Chief Rabbi of England, Lord Jonathan Sacks, writes on Shabbat:
“Someone offers you a holiday. It will, he says, be an experience of total relaxation. No work, no phones, no faxes, no cars, no shopping, no television, no radio, just perfect quiet and peace. Best of all, there are no bills. The holiday is free.
"There is such a break. It involves a journey, not from one place to another, but from one time zone to another. It is called the Sabbath - the most original contribution of the Bible to civilisation, and still the most sublime…"On the seventh day G-d rested". It is hard for us today to recapture the revolutionary strangeness of this idea…. The ancients believed that we imitate God by exercising power. What was novel about the Sabbath was the idea that we can imitate God by doing nothing, by ceasing, pausing, resting, reflecting and seeing that the world is good.
“The Israelites had been slaves, and the defining feature of slavery is less the physical burden of labour (in a free society there are still workaholics) than the fact that your time is not your own. You are subject to someone else's will. The Sabbath broke that bondage. For one day in seven, no one could be employed. Everyone was master of his or her time. The Sabbath does not in itself create freedom, but it does generate a powerful appetite for it. No one who has experienced the Sabbath is content to remain a slave.
“Today, the battle against slavery has been won in most parts of the world. But liberal democracies have other, subtler pressures of their own. There are times when we work too hard, drive too fast, buy too much, driven by the thousand anxieties of everyday life, some real, others imagined. For me, the Sabbath remains the still point at the centre of a turning world. It is the time when we come together as a family: eating, talking, singing and catching up with one another's company. We stop rushing to make a living, and instead simply live and celebrate life. The Sabbath is a world we enter as equal citizens. The hierarchies of work and wealth are suspended. And as the rhythms of the day take over, I find myself once again recalled to the things that matter and that I sometimes forget in the rush of weekday time - love, listening, the company of family and friends, the glory of the created world. It remains a supreme example of holy time, an oasis of rest in an otherwise restless age.”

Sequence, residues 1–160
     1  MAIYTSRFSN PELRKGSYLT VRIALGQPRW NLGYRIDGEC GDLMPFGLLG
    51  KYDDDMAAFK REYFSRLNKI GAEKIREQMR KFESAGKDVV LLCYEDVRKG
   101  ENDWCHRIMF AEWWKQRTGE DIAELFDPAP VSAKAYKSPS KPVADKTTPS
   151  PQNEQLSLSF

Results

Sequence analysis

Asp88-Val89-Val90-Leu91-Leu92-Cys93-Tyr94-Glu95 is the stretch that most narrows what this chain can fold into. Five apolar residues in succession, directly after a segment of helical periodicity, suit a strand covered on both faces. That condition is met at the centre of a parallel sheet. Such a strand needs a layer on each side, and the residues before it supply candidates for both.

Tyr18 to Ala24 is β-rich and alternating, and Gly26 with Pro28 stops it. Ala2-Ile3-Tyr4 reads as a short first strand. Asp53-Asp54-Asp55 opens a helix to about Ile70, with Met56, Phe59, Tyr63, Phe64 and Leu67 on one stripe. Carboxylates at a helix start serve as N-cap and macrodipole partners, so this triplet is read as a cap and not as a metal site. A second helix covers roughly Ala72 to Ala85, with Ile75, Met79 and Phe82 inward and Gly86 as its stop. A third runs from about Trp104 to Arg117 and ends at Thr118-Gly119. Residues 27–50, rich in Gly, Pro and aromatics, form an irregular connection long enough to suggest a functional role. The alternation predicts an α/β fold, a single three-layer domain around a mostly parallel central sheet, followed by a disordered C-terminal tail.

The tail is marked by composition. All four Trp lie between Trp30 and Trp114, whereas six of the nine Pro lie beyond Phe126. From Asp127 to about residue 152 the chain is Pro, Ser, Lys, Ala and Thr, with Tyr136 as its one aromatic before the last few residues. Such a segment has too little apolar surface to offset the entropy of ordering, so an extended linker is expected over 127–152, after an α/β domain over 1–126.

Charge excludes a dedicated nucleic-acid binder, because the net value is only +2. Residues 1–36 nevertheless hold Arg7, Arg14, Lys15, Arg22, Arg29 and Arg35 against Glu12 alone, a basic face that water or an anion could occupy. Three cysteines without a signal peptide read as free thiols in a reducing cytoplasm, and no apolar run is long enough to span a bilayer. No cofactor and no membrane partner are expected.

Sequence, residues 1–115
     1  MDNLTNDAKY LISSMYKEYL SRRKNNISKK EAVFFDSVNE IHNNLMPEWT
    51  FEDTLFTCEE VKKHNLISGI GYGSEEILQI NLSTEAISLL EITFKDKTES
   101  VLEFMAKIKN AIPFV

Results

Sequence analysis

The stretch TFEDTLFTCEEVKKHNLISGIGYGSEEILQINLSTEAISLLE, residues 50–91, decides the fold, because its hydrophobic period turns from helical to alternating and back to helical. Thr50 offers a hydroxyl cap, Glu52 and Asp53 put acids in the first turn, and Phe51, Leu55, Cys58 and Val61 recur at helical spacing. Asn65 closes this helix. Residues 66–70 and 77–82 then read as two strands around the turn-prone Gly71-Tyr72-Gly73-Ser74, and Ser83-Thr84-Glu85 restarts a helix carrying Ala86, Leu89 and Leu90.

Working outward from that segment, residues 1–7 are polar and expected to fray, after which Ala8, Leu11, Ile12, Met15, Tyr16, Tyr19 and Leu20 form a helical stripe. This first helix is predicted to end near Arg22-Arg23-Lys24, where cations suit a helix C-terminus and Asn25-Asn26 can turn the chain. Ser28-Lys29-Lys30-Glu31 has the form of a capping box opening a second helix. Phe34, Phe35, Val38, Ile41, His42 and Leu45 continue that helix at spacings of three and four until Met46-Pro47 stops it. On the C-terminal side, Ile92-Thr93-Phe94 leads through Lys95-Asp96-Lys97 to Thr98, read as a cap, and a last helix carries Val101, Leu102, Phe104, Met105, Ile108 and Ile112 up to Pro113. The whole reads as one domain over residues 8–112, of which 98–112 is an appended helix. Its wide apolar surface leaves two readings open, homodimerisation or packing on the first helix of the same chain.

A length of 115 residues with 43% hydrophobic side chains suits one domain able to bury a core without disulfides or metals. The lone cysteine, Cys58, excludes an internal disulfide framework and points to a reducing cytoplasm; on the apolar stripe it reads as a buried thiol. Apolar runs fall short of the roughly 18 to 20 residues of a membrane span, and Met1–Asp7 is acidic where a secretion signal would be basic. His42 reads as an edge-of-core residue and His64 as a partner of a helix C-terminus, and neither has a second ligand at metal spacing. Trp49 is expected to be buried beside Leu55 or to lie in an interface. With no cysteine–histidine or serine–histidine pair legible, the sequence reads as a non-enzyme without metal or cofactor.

(Published in The Times, October 1997)
Efficiency experts like to divide tasks between those that are urgent and those that are important. So much of life’s daily duties revolve around the urgent at the expense of the important. How can we break free? How do we even find the time to reflect upon our tasks and decide what’s truly important? And once we’ve identified those crucial underpinnings of our lives, how do we carve out the time it takes to build and strengthen these? Rabbi Sacks’ answer is Shabbat. On Friday we rush around, actively working to take care of all that urgent flim-flam. Then we light the candles and Shabbat enters, displacing all urgency, leaving our time uncluttered, open for focusing on what’s truly important.
The great renaissance- era scholar, Rabbi Yehudah Löwe, known as “the Maharal,” wrote extensively about Shabbat. He notes that the number seven is intimately bound to many Torah cycles: the number of days in creation of the world, days of the week, the holidays of Sukkot and Passover, the weeks in the Omer cycle, the number of years in the Sabbatical and Jubilee cycles, the number of days required for ritual purification, and more. What is the meaning behind these? Rabbi Löwe explains that the six directions of the three-dimensional world represent the external form of each thing. The central core of this thing is not a dimension, but the essential point from which the six directions spring. Thus, seven represents the spiritual dimension within nature.
The days of the work-week are the external dimensions of time; Shabbat is its essential point, the core from which all time springs. By dedicating Shabbat to what’s truly important we cause a ripple effect, flavoring the external dimension of time as well, so that even when we perforce attend to urgent matters, we maintain our own core for what’s important: “love, listening, the company of family and friends, the glory of the created world.”